China a magnet for foreign scientists
Organizing big science projects seen as a powerful tool in solving global challenges
Ageneration ago, aspiring scientists from around the world would beat a path to the United States or Western Europe to pursue opportunities for research and careers that were not available at home.
The phenomenon was usually described, with negative overtones, as the “brain drain”. The departure of skilled scientists was seen as a net loss to their home countries that only benefited the advanced economies that took them in.
In an era of increased globalization, such concerns have lost much of their relevance. As many of the great scientific innovators of the past could already have told us, science has no borders.
Some of the greatest advances of recent years — in genetics, communications technology, medicine and alternative energy — have only been possible thanks to extensive collaboration among scientists around the world.
Governments also have discovered the benefits of having their talented nationals trained abroad before returning home to share their skills and experience. Others have seized the opportunity to import their own foreign talent to help boost their science-based projects.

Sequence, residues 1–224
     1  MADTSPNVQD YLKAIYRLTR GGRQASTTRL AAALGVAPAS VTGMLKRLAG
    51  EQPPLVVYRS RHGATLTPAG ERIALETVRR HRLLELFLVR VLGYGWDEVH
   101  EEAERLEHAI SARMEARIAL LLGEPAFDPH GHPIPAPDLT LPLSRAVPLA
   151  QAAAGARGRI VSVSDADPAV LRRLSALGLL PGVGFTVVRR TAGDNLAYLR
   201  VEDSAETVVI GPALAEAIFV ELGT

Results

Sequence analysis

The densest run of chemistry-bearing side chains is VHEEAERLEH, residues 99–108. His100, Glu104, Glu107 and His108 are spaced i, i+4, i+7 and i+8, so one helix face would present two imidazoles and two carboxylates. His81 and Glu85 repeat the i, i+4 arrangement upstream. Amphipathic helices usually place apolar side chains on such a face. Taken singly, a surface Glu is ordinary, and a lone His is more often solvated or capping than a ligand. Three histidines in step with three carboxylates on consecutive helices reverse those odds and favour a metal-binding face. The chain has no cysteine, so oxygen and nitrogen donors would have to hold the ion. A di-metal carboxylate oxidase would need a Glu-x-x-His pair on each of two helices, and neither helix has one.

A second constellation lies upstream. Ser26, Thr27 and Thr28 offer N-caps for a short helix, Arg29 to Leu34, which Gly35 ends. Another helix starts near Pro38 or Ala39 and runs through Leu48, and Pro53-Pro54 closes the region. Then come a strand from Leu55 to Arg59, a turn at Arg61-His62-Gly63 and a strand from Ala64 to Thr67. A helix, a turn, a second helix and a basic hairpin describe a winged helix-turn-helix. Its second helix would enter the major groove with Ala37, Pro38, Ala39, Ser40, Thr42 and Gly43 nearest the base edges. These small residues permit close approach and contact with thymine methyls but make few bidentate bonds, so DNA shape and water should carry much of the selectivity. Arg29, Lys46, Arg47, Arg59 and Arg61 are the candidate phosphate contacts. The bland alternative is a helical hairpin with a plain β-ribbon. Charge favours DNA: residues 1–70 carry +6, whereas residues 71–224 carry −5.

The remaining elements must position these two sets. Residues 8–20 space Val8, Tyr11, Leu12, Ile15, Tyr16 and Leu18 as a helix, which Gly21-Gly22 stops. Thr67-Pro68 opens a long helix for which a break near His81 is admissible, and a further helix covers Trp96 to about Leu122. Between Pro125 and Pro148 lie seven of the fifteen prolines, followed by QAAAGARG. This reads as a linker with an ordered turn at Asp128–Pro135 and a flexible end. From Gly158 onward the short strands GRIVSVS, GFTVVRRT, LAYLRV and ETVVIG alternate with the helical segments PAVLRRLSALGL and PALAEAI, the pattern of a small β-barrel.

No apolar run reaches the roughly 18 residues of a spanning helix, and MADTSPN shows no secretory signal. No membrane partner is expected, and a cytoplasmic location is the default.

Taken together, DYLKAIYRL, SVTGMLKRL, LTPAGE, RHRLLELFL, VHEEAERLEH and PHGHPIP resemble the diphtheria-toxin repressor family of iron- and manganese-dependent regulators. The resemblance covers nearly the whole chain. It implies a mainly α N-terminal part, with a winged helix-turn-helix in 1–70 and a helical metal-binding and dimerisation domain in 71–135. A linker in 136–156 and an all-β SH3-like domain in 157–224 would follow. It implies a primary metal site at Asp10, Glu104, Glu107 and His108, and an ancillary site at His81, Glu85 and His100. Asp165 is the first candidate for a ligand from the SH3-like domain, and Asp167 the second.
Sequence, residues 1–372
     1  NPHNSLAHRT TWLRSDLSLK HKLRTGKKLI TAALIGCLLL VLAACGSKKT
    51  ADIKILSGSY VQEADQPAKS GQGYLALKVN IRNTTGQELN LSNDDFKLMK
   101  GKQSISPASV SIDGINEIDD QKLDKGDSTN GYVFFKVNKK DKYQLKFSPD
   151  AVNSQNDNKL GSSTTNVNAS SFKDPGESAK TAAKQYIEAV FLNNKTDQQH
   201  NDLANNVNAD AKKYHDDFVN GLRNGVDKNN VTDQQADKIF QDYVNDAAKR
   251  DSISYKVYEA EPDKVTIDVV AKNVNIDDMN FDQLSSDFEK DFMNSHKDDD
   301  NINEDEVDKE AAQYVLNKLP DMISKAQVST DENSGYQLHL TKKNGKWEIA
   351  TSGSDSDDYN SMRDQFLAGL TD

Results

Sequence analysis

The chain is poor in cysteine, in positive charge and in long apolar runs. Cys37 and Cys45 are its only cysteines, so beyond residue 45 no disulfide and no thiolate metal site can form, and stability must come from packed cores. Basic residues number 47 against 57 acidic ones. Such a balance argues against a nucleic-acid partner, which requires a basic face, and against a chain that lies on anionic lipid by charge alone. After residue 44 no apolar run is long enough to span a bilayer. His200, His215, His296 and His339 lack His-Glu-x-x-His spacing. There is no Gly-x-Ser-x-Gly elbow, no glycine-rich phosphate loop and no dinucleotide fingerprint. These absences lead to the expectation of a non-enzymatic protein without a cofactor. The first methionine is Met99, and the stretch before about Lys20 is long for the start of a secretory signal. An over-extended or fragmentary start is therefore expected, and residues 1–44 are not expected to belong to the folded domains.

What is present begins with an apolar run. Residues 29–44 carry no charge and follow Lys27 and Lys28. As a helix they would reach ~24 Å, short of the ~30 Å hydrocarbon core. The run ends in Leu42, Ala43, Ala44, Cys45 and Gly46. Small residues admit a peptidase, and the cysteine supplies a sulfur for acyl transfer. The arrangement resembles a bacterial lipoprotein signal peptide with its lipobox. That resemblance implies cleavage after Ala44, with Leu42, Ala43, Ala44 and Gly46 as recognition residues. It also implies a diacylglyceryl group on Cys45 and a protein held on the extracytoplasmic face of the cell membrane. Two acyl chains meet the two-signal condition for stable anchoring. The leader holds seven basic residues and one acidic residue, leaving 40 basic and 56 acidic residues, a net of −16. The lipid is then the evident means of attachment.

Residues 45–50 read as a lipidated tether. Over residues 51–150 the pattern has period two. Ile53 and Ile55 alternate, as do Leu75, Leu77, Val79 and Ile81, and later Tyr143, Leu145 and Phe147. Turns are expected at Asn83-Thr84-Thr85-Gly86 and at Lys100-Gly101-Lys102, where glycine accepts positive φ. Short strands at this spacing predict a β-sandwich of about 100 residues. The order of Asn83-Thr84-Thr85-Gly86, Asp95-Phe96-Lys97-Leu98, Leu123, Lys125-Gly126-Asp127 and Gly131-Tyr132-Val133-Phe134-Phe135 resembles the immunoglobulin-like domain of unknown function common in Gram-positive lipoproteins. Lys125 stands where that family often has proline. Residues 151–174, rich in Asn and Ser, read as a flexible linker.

In an era of rapid economic growth, China has moved from being a net exporter of scientific talent to a situation in which it now challenges the US as the biggest magnet for foreign scientists.
China’s Thousand Talents Program, launched a decade ago, aimed to encourage foreign-trained Chinese to return home while at the same time welcoming foreign scientists.
By the end of last year, more than 7,000 toplevel professionals, experts and entrepreneurs who studied or lived abroad had come to China since the program started. Most had studied at top colleges and universities and research institutes, or had gone on to work at international companies from around the world.
China’s Ministry of Science and Technology recently issued new guidelines on recruiting even more international researchers to take part in major science and technology projects.
By recruiting or attracting more international scientists, according to the ministry, China aims to further promote its strategy of innovation-driven development.
It acknowledged that China had long been an exporter of scientific talent to other countries but that, in recent years, it had increasingly attracted foreign-born researchers with benefits ranging from internationally competitive salaries to unrivaled research resources.
Also, under the new guidelines, foreigners will for the first time be allowed to lead public research projects.
In a parallel initiative, China also announced this year that it intends to play a significant role in international scientific research projects.
Organizing big science projects is seen as a powerful tool in solving key global scientific challenges, the State Council, China’s Cabinet, said in March. As part of the strategy, China will use scientific diplomacy to enhance cooperation